|Photo Courtesy Parris|
Freeman on UnSplash
Over the years I slowly came to the realization there were many levels of a gender transition. As I climbed walls during my journey, I was seemingly stuck forever in a gender maze. Often my frustration reached crisis levels as I tried to live as my authentic self. Every time I thought I had conquered a wall or turned a corner, another wall appeared. On the days when I was out exploring the world as my feminine self for the first time I thought I was looking my best only to have my walk or talk give me away. I even went as far as practicing my walk when I was cross dressed as a man late nights in big box stores. I am sure more than a couple store detectives were amused when and if they caught me on store cameras. It took me years to try to put my male past behind me and move forward.
Finally it occurred to me I was doing something all wrong. Through my gender haze I was neglecting to realize I was escaping one closet into another I would have to transition out of. This realization led me to the evening at a well known casual dining/bar venue when I decided I was going to try to blend in with the mall worker women who came in after their shifts. For the evening I chose my favorite outfit. A black pants suit which was dressy to a point without becoming overwhelming. I decided to wear my favorite matching black flats and shoulder length blond wig. Climbing this wall in flats was terrifying and I ended up sitting outside the venue for a half an hour before I gathered my courage to go in.
Once I was situated at the bar and was able to breathe again, I knew my life had changed and I could never go back to being a closeted cross dresser. I felt so natural! Plus more importantly I had the chance to climb my latest wall and see a portion of what could lie ahead in my life. In the dim distance I actually could see myself actually transitioning again into a transgender woman. The more I considered it, the more complex the idea became. At the time I was still married to my second wife who never approved of any idea of taking hormone replacement therapy and living more and more as a transgender woman. She said she never signed up to live with another woman. Of course there were many other problems to consider such as having a job and losing friends and family. All of these walls to climb became unbearable at times and I resorted to trying to bottle up all my emotions along with hitting the bottle (alcohol) way too much.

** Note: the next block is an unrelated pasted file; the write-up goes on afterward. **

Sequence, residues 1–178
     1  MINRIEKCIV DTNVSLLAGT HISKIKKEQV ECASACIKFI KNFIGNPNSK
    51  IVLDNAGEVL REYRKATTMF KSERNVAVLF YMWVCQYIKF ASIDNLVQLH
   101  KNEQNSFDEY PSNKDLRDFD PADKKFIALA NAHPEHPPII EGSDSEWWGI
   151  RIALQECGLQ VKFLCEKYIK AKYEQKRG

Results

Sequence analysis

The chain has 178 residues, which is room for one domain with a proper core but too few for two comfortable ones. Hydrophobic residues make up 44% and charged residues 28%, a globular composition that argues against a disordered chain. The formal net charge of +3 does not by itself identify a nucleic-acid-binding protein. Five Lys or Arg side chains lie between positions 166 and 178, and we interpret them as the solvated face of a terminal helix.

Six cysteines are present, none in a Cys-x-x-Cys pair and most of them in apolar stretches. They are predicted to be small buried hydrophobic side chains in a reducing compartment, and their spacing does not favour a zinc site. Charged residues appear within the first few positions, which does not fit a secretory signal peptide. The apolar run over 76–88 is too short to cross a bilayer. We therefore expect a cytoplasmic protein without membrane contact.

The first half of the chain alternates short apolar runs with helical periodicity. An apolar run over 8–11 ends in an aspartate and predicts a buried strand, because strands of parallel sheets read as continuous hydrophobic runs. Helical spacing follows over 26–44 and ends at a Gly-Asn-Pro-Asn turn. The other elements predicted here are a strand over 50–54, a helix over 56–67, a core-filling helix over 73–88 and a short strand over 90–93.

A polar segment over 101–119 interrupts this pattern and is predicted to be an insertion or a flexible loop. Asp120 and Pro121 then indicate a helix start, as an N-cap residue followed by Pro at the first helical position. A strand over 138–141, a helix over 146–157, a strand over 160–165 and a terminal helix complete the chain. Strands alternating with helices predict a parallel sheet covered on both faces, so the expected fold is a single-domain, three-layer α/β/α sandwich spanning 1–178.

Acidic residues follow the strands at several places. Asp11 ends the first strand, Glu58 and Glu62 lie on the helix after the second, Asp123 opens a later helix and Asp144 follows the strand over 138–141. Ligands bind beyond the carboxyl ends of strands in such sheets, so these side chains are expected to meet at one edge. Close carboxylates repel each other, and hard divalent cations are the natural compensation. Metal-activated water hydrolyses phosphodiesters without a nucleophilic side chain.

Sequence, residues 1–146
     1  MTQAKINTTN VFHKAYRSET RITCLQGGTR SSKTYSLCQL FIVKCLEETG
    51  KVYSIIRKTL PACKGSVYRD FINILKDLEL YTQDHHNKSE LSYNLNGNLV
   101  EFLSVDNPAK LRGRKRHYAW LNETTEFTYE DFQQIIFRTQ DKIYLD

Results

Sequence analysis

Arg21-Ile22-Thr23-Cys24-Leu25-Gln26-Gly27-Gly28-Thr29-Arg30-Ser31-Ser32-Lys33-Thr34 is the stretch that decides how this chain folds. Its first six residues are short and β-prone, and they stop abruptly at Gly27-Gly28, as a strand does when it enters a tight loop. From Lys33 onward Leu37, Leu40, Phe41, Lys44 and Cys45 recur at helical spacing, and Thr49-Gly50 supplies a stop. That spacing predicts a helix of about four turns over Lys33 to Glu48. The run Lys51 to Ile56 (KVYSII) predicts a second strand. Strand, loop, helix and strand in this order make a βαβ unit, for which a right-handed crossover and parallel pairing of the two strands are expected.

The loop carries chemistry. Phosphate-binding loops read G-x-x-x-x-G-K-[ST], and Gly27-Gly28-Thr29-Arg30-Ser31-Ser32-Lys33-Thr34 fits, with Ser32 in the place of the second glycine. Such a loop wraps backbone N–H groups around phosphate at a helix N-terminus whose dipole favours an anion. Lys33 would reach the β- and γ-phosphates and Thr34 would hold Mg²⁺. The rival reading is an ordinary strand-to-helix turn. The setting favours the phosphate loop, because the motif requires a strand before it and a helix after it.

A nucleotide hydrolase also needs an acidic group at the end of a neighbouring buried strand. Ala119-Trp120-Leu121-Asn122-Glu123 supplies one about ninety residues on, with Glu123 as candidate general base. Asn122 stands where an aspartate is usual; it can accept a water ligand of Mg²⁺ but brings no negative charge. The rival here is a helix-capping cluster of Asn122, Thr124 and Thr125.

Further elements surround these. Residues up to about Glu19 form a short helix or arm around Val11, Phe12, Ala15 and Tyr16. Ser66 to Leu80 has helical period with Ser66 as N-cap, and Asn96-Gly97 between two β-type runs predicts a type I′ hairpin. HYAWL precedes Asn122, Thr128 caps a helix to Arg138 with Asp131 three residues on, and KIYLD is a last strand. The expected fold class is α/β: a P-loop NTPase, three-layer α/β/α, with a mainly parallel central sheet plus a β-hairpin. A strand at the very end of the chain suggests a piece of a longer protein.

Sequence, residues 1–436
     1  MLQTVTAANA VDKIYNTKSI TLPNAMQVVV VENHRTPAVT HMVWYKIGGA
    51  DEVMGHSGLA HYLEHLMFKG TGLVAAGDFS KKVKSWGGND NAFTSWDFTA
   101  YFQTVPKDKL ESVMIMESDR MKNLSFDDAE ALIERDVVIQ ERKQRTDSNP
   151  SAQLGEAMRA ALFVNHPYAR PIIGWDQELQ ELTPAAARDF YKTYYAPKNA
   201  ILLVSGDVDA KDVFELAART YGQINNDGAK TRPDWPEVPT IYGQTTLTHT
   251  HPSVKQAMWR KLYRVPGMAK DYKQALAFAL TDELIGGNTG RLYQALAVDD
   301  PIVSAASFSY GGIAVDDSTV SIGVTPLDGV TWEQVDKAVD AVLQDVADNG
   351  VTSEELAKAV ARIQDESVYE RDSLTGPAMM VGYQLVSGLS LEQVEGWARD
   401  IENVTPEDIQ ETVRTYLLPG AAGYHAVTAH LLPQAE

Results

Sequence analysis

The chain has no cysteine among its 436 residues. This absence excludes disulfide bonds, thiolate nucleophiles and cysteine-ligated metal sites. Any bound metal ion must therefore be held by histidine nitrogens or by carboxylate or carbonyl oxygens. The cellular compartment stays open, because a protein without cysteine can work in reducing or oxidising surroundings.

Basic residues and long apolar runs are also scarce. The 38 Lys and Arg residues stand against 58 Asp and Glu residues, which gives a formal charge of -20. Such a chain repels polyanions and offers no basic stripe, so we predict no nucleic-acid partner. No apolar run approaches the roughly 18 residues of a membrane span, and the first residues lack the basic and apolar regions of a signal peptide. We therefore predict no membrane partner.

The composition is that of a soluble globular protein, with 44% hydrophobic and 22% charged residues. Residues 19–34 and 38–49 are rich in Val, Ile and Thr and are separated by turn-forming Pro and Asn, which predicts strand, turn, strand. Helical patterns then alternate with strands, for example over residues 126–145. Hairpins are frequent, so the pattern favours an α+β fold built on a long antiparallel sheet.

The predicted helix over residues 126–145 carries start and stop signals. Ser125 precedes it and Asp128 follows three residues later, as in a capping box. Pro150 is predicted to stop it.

What happened was all of the sudden my life was to change drastically as I went into a very dark period. I was knocked for a loop when I lost three very close friends to cancer and my second wife to a heart attack. The only good thing that happened was all of a sudden the dark clouds parted and my path to transitioning to a transgender woman appeared. During this time was even when the Veterans Administration approved using HRT for gender dysphoric veterans. Since I was already in the VA health care system, taking advantage of the program wasn't too difficult and helped me to afford the treatment.
Years later after I transitioned into living a full time life as a transgender woman, I considered I would never encounter many more walls to climb. But now I face the greatest transition of all. The final crossing from this life to whatever may or may not lie ahead. Plus what will happen to me during my final days if I end up in an assisted living facility or nursing home. These days I have steeled myself to jumping off that bridge when I come to it.
So all in all, transgender women and trans men don't have it so different than anyone else who lives a long life. There are built in transitions to consider. We trans and LGBTQ folk just have more to consider.